In March, the Current convened with Steve Conrad, writer of The Weather Man and The Pursuit of Happyness, at SXSW to discuss his latest vision (and this week’s release), The Promotion — which stars John C. Reilly, Seann William Scott, and everyone’s favorite Office sweetheart, Jenna Fischer — in addition to sweet-ass casting, twisted humor, and coming to terms with adulthood.
I’ve never been to Texas.
For some reason, yeah. I guess I was expecting Austin to be what I think Texas is like.
Tumbleweeds and stuff?
Well, no, like, uh …
Yeah, yeah, totally. Yeah, absolutely.
People either think horses or racist people or some combination of the two.
I pictured, like, big hair, and, like, shit-kickers.
Your `scripts` sort of tend to attract this enormous talent ... do you do that consciously, or do you write for them, or — ?
No, I don’t know what to attribute it to … it’s just been a real privilege to watch this stuff performed by, I mean, well, I had `Robert Duvall and Richard Harris` in the first one `Wrestling Ernest Hemingway`, and then I had Nic Cage and Michael Caine and Hope Davis —
Did you write that for Nicolas Cage?
The Weather Man? No, the only script I ever wrote where I knew the actor before I started was The Pursuit of Happyness. The other pictures, I come up with on my own and then the cast came later. But I don’t know what the common denominator is among them.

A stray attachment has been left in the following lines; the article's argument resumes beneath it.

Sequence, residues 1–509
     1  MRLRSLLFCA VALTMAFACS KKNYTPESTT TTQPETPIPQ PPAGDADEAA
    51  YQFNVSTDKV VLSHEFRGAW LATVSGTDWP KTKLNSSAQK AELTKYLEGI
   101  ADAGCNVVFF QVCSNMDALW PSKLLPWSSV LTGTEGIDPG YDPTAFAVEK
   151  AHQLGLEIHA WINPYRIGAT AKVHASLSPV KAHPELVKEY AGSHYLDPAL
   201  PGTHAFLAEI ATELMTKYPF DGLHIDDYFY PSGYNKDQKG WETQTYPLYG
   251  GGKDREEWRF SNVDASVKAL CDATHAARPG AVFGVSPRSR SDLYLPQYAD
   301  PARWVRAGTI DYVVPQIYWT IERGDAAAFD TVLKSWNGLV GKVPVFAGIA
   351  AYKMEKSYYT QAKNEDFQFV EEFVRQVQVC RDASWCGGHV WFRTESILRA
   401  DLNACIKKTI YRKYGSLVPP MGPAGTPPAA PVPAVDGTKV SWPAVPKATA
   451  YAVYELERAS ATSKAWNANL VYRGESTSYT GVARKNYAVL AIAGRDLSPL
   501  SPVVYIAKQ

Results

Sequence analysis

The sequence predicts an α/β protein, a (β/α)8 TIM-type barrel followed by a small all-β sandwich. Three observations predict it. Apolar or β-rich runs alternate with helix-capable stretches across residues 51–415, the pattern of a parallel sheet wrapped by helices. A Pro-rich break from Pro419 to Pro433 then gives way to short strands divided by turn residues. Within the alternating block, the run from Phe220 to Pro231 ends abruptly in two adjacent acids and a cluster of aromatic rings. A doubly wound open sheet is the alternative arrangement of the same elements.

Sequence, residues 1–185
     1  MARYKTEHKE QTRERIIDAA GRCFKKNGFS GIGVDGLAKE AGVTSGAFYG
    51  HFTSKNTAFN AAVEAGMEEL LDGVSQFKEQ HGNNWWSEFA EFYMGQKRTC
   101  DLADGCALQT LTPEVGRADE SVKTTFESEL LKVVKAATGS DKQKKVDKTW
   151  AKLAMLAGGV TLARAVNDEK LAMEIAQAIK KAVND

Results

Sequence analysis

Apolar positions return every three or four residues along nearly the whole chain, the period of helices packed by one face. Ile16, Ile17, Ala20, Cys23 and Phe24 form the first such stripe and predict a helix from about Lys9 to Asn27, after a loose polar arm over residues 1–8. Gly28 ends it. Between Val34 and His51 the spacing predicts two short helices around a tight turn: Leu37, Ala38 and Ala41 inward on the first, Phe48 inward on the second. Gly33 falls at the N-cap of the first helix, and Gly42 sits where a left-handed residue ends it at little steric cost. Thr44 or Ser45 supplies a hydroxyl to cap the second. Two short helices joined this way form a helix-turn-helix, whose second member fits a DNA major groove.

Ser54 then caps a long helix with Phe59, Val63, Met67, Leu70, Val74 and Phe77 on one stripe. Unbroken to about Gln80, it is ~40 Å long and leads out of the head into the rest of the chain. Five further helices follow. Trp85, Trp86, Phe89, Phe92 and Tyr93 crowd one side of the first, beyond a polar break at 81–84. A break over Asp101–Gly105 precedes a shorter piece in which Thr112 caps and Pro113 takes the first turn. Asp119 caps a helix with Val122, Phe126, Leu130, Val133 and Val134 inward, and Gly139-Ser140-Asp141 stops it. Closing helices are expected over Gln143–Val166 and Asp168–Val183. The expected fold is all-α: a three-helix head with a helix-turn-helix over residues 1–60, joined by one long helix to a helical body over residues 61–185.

I remember Robert Duvall told me way back then that he likes … playing people that can make you laugh, but he doesn’t like comedies. Like, he likes to be a human being, and if the human being does something that is funny, that is a real success for him as an actor. I think that got into my head somehow. I mean, The Promotion is absurd, and some twisted fun, but if you, like, bend your mind a little bit, it could actually happen to somebody.
With The Promotion, it’s kind of `thematically reminiscent of` ... The Weather Man — which is fantastic, by the way, I have it on my shelf at home —
Oh, thank you — you know, I never, ever get to talk to anybody about that movie, because people —
Yeah, like — it was the first thing I wrote where I just didn’t care anymore, ’cause I’d fallen into this sort of wasteland where I couldn’t get any of my stuff read by anybody, it had been like seven years since I’d done anything ... So, I thought, I’ll just do something that is interesting to me ... It’s really close to my heart, because it starts what I consider to be the stuff that I stand behind now as a grown person, like, it’s what I want to write about.
That, and then Pursuit of Happyness, and then this `The Promotion`, they all kind of tend to be sort of films about … put-upon guys who’re trying to make it in the corporate world … or prove something to themselves … I guess that comes from a personal place.
Oh, absolutely. A common denominator among them is they’re all me and the actors checking out how you find dignity in your professional life when your walk of life isn’t “rock star” or “movie star,” if your walk of life is, “OK, I didn’t wish to be this when I was 7, I am this now, how can I derive contentedness and happiness doing what I do?” … It’s coming to terms with where your expectations crashed into reality. That seems to me to be the matter of grown-up lives, is doing that thing, figuring that trick out.
In The Promotion, I just, I feel like we should be able to really laugh hard at that, and to laugh hard at just how challenging it is to make your way in the world, even if your dream is just a yard. You know? Like, to get a yard, you have to go through a lot. •